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CCS Homecare Services Limited Good


Inspection carried out on 29 May 2019

During a routine inspection

About the service: CCS Homecare Services Limited provides a domiciliary care service and support to people in supported living accommodation. Approximately 72 people used the service at the time of our visit. People had a range of needs, including younger adults with learning disabilities, people with mental health problems, older people and people with dementia.

People’s experience of using this service: People were supported by enough staff to care for them and keep them safe. Staff had training in key skills, understood how to protect people from abuse and managed safety well. Staff assessed risks to people and kept records up to date. Where people were supported with their medicines, this was managed safely.

Staff provided good care and supported people to eat and drink where this was part of the agreed care package. Managers monitored the service to make sure it met people’s needs in a safe and effective way. Staff worked well together. They treated people with compassion and kindness, respected their privacy and dignity and took account of their individual needs. People were supported to be as independent as they could be. People’s equality and diversity needs were well met at the service.

The registered manager and other leaders ran services well and supported staff to develop their skills. Staff understood the service’s vision and values and how to apply them in their work. Staff felt respected, supported and valued and were clear about their roles and accountabilities.

The provider kept us informed of any significant events and worked well with us and other external agencies to monitor and improve people’s care. Action was taken when things went wrong or people made complaints. We have made a recommendation relating to the duty of candour requirement. The intention of this regulation is to ensure that providers are open and transparent with people who use services and other 'relevant persons' (people acting lawfully on their behalf) in relation to care and treatment. It also sets out some specific requirements that providers must follow when things go wrong with care and treatment, including informing people about the incident, providing reasonable support, providing truthful information and an apology when things go wrong. The regulation applies to registered persons when they are carrying on a regulated activity.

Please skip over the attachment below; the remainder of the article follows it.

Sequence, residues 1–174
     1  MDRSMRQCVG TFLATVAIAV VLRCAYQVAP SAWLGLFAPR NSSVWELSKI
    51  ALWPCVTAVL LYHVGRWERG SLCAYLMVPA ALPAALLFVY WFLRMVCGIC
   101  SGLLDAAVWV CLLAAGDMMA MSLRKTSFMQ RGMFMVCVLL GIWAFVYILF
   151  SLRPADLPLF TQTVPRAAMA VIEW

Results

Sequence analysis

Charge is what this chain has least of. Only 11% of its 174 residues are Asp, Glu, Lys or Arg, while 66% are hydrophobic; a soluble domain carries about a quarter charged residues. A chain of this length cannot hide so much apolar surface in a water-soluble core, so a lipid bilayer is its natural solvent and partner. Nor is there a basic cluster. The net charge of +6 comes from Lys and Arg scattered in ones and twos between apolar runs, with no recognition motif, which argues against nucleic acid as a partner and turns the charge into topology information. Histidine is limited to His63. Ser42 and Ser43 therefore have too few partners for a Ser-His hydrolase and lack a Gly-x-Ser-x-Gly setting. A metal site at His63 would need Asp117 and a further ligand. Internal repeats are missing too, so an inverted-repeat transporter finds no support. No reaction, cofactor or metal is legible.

Rating at last inspection: The service was rated ‘Good’ at the last inspection on 16 December 2016. We published our report on 18 January 2017.

Why we inspected: The inspection was part of our scheduled plan of visiting services to check the safety and quality of care people received.

Follow up: We will continue to monitor the service to ensure that people receive safe, compassionate, high quality care. Inspections will be carried out to enable us to have an overview of the service, we will use information we receive to inform future inspections.

For more details, please see the full report which is on the CQC website at

Inspection carried out on 16 December 2016

During a routine inspection

This inspection took place on 16 and 21 December 2016. It was an announced visit to the service.

We previously inspected the service on 11 October 2013. The service was meeting the requirements of the regulations at that time.

CCS Homecare Services Limited provides domiciliary support to people in supported living properties. Twenty three people were receiving support with personal care at the time of our inspection. People using the service were mostly adults under the age of 65 with learning disabilities or mental health needs. Support was being provided in the Slough, Hillingdon, Surrey and West Berkshire areas.

The service had a registered manager in post. A registered manager is a person who has registered with the Care Quality Commission to manage the service. Like registered providers, they are ‘registered persons’. Registered persons have legal responsibility for meeting the requirements in the Health and Social Care Act 2008 and associated regulations about how the service is run.